It’s Not Enough That Trump Lose, His Supporters Must Lose Too
There must be a lesson from this election. A tough one. To be learned by the establishment first, and by the rest of us second.Read More »
Parade.com had an article in this past Sunday’s magazine discussing exclusivity agreements between cell phone manufacturers and cell network providers.
Some lawmakers and industry experts say such arrangements limit consumer choice, stifle competition, and keep rates artificially high. “Consumers should be allowed to access any network with whatever device they choose, just as they do with their televisions and computers,” says Rob Frieden, a law professor at Penn State University.
It is ridiculous to compare cellphone networks, which are built and maintained by the network provider, to over-the-air television signals and the internet. Companies use the exclusivity agreements to provide better service at a lower price to consumers. For example, Apple gets some payment from AT&T for each iPhone customer they get, and AT&T gets a good set of customers and a better economy of scale. Consumers get an iPhone and plan at a lower rate than they otherwise could get. And if they are not happy, sonsumers get get another cellphone from a different provider. It even quotes Sen. Kerry (who served in Viet Nam, as Rush says):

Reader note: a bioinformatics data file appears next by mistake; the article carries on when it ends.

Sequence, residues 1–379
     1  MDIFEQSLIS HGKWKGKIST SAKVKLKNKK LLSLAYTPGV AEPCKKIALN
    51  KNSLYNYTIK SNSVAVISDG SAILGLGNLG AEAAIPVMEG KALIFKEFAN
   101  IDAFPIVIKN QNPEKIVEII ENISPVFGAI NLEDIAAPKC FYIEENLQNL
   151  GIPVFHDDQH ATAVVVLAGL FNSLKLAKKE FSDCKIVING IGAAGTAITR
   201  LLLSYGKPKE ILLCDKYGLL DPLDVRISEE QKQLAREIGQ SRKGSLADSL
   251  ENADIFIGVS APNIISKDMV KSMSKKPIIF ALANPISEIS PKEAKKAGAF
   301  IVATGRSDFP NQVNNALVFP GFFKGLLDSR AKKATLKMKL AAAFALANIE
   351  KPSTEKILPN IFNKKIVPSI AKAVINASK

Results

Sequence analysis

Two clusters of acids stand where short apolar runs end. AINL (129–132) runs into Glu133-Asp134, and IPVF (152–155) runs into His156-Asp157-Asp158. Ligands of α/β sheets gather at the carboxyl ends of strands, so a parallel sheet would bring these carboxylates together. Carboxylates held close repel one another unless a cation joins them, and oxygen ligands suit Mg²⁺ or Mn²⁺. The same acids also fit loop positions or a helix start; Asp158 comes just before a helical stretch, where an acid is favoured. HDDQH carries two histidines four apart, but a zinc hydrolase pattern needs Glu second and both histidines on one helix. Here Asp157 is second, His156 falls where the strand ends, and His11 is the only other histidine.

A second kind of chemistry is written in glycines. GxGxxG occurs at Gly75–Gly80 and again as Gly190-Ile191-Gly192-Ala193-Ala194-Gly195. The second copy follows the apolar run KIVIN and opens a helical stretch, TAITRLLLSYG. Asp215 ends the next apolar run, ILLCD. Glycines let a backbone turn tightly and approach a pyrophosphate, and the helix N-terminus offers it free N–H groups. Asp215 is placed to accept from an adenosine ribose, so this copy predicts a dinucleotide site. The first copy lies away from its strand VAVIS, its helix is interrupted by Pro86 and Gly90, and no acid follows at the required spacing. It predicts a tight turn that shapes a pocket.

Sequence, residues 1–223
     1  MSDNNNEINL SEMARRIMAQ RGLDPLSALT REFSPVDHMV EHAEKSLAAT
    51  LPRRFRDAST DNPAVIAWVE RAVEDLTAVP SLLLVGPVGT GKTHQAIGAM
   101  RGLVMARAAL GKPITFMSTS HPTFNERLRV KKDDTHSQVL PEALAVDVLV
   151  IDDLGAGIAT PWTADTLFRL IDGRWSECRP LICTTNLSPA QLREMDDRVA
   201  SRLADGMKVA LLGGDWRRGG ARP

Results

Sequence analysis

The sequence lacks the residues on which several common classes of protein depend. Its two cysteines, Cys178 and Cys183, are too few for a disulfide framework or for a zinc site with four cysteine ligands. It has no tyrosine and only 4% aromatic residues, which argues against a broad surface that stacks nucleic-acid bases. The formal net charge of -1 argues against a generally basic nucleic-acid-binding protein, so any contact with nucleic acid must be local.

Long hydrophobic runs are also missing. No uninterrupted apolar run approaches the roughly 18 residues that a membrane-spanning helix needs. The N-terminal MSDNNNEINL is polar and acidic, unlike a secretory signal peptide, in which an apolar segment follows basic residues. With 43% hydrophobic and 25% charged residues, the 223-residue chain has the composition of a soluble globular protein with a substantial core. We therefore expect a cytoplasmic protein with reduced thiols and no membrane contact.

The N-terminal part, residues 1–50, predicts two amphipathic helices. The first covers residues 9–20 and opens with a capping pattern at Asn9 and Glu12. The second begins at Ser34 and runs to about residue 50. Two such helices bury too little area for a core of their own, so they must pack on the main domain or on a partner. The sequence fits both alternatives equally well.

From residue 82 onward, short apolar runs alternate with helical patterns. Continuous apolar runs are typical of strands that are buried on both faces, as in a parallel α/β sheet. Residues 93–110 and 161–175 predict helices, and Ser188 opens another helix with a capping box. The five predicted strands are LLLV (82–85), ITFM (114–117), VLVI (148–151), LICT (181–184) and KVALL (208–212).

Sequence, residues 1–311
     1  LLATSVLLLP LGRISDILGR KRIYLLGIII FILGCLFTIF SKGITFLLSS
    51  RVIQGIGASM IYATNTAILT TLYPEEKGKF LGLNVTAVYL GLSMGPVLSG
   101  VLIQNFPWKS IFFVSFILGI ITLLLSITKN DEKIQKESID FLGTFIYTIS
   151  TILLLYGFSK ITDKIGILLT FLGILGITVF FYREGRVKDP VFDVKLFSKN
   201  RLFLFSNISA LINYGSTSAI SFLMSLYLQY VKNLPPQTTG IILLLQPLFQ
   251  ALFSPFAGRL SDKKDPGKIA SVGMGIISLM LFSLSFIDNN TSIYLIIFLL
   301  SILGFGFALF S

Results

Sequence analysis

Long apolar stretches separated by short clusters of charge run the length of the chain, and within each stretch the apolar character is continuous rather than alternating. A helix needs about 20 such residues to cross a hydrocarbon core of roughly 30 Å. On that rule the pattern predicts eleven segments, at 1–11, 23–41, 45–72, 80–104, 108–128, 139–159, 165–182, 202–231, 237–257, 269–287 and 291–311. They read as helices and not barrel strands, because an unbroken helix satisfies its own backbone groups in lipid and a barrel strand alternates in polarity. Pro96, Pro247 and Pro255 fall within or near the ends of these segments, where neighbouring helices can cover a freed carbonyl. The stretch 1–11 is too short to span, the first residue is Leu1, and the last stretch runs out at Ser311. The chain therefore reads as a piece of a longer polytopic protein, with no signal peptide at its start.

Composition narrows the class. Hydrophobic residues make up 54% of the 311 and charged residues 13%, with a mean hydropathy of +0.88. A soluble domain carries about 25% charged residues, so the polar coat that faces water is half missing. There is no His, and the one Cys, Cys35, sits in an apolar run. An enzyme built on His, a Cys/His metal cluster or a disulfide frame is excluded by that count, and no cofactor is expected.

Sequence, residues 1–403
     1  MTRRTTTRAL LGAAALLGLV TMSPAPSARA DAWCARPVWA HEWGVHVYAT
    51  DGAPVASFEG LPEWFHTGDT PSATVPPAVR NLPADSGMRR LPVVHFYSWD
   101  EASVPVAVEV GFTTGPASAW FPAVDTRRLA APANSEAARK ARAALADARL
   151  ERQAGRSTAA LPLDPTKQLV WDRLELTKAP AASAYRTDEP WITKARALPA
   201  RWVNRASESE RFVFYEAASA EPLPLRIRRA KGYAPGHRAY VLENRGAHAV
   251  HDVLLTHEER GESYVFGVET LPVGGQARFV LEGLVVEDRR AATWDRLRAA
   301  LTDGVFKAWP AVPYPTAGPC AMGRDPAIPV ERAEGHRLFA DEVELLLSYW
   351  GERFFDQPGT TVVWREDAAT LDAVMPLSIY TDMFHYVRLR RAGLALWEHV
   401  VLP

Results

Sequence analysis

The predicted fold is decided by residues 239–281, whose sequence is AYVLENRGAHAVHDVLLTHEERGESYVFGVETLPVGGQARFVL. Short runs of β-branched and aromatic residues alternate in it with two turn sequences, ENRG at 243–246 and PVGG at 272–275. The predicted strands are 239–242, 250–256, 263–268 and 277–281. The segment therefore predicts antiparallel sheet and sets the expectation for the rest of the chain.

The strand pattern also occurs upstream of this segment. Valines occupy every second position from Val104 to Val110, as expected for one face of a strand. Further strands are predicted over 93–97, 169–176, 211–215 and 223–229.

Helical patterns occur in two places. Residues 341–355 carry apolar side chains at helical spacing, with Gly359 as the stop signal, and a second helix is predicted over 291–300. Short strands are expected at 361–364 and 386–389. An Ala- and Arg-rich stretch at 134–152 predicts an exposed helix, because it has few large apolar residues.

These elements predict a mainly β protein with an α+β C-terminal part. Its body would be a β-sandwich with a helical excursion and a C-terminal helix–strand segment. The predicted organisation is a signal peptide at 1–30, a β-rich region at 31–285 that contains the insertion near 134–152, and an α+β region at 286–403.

The Federal Communications Commission is investigating whether exclusivity agreements “restrict consumer choice or harm the development of innovative devices.” Sen. John Kerry (D., Mass.) is considering legislation to ban such agreements.
The poll on the page was at 87-13 against the free markets, and for government regulation. Please go to the Parade article and tell them your opinion. Ignore the comments; they are quite predictable in content.
Thinking about this further, perhaps John Kerry would support getting rid of all exclusivity agreements. Erick spoke about one such agreement yesterday. Unions restrict the choice for consumers of labor, those, of course, being businesses who hire people to do things. These restrictions cause increased costs, and thus must also be on Sen. Kerry’s hit list.